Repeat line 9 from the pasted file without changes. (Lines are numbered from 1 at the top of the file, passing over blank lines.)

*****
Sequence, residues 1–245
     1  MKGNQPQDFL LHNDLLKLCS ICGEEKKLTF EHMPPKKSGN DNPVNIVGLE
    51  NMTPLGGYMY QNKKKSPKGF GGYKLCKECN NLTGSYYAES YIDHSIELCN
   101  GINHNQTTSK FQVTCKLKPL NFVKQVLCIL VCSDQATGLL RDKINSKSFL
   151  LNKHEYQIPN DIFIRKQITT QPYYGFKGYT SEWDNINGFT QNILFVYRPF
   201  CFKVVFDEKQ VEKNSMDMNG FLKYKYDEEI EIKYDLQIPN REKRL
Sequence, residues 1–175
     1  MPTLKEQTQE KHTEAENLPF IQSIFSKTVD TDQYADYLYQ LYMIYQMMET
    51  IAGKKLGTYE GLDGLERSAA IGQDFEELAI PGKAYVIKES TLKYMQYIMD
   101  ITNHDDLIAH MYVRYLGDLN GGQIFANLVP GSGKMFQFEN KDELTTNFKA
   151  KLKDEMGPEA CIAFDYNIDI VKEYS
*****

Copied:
    51  IAGKKLGTYE GLDGLERSAA IGQDFEELAI PGKAYVIKES TLKYMQYIMD